Stretch marks are red, whitish, or purple streaks in the skin.
Stretch marks occur when skin is stretched too much over time. The elastic fibers just below the skin tear. This tear leaves streaks of indented skin. The elastic fibers are also weakened by hormones present during pregnancy. These hormones may also be associated with rapid weight gain or certain medical conditions.
Stretch marks are common in pregnancy.
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Stretch marks are more common in women. Other factors that may increase your chance of stretch marks include: Family history of stretch marksPregnancy, especially if the baby is large
Rapidly gaining or losing weightRapid muscle gainUsing corticosteroid medicationsCertain medical conditions, such as adrenal gland disorders
Stretch marks are red or purple streaks that are slightly indented. They eventually turn whitish in color. They are most common on the stomach, thighs, buttocks, and breasts, but may also occur in other areas. The stretched skin may also be dry or itchy.
You will be asked about your symptoms and medical history. A physical exam will be done.
If the cause of stretch marks is not obvious your doctor may look for other causes. These tests may include blood tests.
Most stretch marks fade over time without treatment. Some people may want faster results or deeper fading of stretch marks. In general, the current treatments are limited and do not work well.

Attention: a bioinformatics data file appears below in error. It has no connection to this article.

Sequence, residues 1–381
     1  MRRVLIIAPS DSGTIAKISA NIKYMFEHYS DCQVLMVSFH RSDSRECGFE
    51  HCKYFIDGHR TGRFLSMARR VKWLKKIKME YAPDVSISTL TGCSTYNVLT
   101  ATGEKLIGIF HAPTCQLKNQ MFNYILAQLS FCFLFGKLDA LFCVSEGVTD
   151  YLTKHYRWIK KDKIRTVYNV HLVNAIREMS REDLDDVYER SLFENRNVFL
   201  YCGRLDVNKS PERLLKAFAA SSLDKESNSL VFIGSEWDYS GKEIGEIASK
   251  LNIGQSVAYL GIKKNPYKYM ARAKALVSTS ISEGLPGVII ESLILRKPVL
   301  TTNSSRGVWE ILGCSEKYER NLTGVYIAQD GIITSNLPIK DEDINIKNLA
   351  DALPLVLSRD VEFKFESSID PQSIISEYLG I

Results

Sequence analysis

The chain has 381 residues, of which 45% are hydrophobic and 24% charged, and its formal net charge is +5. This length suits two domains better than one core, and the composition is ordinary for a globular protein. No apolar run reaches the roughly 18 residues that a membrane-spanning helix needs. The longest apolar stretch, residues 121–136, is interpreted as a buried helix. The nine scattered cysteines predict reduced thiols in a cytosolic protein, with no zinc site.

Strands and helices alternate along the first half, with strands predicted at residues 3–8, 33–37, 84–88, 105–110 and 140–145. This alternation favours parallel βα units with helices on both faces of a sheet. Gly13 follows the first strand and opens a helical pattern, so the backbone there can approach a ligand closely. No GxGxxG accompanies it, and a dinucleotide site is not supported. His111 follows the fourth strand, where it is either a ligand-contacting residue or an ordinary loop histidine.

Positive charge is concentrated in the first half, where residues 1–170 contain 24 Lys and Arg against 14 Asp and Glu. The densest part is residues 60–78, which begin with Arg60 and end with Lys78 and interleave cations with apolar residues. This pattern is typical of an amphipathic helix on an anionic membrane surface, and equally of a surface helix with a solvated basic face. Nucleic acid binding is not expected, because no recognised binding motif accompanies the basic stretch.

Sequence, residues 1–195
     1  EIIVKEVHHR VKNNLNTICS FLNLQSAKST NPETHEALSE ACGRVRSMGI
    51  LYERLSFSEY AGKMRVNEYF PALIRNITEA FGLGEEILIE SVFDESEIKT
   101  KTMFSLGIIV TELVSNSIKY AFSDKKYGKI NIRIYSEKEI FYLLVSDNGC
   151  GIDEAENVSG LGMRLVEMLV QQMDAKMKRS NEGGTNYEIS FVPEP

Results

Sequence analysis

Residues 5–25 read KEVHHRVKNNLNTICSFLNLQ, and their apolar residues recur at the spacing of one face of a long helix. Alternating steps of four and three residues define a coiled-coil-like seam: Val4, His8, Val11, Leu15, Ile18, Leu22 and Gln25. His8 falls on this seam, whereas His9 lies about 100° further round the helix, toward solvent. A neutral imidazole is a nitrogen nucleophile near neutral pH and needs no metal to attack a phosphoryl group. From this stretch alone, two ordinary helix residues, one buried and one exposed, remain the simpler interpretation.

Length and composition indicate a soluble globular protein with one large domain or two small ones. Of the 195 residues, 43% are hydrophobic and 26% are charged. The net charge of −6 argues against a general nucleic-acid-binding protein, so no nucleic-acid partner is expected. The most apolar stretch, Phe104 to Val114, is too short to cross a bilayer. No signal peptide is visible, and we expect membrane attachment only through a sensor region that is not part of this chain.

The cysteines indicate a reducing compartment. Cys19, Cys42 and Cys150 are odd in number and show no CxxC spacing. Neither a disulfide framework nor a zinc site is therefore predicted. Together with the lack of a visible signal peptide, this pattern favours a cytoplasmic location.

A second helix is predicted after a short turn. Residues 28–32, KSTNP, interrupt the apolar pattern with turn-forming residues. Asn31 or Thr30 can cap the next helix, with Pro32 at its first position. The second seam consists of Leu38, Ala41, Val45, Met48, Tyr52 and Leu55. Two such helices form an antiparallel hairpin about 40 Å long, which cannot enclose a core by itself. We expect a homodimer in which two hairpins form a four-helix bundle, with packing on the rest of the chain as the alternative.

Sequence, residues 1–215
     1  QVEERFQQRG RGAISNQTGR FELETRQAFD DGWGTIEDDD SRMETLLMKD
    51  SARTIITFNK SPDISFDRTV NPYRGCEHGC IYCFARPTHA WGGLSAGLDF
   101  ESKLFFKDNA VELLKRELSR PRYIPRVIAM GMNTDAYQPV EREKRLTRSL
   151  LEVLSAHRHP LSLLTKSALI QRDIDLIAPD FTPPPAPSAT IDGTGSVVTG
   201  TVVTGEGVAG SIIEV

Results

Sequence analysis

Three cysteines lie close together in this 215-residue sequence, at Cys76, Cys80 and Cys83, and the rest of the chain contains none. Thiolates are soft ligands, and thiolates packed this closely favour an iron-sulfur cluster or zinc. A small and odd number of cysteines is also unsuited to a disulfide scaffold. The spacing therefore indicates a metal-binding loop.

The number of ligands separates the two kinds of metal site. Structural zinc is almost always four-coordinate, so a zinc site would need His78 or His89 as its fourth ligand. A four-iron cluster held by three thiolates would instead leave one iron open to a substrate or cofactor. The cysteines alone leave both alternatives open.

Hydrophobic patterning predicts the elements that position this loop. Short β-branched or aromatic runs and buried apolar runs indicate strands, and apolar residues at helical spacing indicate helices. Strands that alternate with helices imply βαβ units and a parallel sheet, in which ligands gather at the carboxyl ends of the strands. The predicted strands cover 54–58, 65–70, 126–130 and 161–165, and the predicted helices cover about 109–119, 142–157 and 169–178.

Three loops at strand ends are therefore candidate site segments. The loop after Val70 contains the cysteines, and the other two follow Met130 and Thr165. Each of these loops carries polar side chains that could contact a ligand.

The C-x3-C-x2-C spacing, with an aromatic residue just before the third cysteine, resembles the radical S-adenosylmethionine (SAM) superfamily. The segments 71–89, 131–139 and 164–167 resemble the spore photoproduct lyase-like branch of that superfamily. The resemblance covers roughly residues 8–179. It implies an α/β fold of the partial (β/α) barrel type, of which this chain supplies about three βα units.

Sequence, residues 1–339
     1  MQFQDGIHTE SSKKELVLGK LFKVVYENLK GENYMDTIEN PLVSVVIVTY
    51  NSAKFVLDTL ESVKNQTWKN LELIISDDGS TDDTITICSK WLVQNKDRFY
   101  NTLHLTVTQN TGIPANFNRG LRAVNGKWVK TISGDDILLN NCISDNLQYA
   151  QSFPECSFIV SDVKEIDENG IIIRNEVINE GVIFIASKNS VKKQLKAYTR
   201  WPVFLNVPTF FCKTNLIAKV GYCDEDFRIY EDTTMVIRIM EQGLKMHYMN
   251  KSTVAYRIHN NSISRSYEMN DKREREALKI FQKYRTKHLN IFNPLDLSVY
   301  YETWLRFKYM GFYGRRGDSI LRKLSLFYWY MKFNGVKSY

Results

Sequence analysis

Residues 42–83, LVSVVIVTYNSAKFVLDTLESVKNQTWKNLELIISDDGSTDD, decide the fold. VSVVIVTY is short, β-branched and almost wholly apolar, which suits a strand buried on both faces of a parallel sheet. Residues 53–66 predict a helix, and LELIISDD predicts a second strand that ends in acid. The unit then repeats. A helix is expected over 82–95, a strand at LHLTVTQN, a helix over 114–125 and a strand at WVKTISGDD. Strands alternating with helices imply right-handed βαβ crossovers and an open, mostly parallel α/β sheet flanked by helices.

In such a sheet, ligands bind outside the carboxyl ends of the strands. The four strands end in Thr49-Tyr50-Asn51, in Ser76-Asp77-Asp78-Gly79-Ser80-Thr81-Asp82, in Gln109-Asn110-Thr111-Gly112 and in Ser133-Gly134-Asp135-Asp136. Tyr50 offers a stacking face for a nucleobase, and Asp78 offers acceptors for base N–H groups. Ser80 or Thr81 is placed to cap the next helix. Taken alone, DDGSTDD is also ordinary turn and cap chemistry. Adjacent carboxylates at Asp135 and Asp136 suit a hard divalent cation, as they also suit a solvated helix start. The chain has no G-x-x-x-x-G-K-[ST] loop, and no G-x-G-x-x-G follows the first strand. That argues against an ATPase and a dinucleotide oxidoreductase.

Talk with your doctor about the best treatment plan for you. Factors that will affect your treatment options include: Age of stretch marksConvenience of treatment—may require multiple sessionsCost—usually not covered by medical insuranceYour expectations
Treatment options include the following:
Tretinoin cream may help to lessen the appearance of stretch marks. It is most effective on stretch marks that are less than 6 weeks old and still red or pink in color.
It should not be used during pregnancy.
Laser therapy can stimulate the growth of collagen and elastin. It may decrease the appearance of stretch marks.
There are no proven methods for preventing stretch marks. Staying within recommended weight gain guidelines during pregnancy may help. If you are not pregnant, maintain a healthy weight.
Lotions have not been proven to prevent stretch marks. They may be helpful to moisturize and soothe itchiness.
Elsaie ML, Baumann LS, Elsaaiee LT. Striae distensae (stretch marks) and different modalities of therapy: an update.
Dermatol Surg. 2009;35(4):563-73.
Changes in your body during pregnancy: second trimester. American Academy of Family Physicians Family Doctor website. Available at:
http://familydoctor.org/familydoctor/en/pregnancy-newborns/your-body/changes-in-your-body-during-pregnancy-second-trimester.html. Updated February 2011. Accessed August 11, 2015.
Stretch marks (striae). New Zealand Dermatological Society DermNet NZ website. Available at:
http://www.dermnetnz.org/dermal-infiltrative/striae.html. Updated June 16, 2014. Accessed August 11, 2015.
Last reviewed August 2015 by Michael Woods, MD
Please be aware that this information is provided to supplement the care provided by your physician. It is neither intended nor implied to be a substitute for professional medical advice. CALL YOUR HEALTHCARE PROVIDER IMMEDIATELY IF YOU THINK YOU MAY HAVE A MEDICAL EMERGENCY. Always seek the advice of your physician or other qualified health provider prior to starting any new treatment or with any questions you may have regarding a medical condition.
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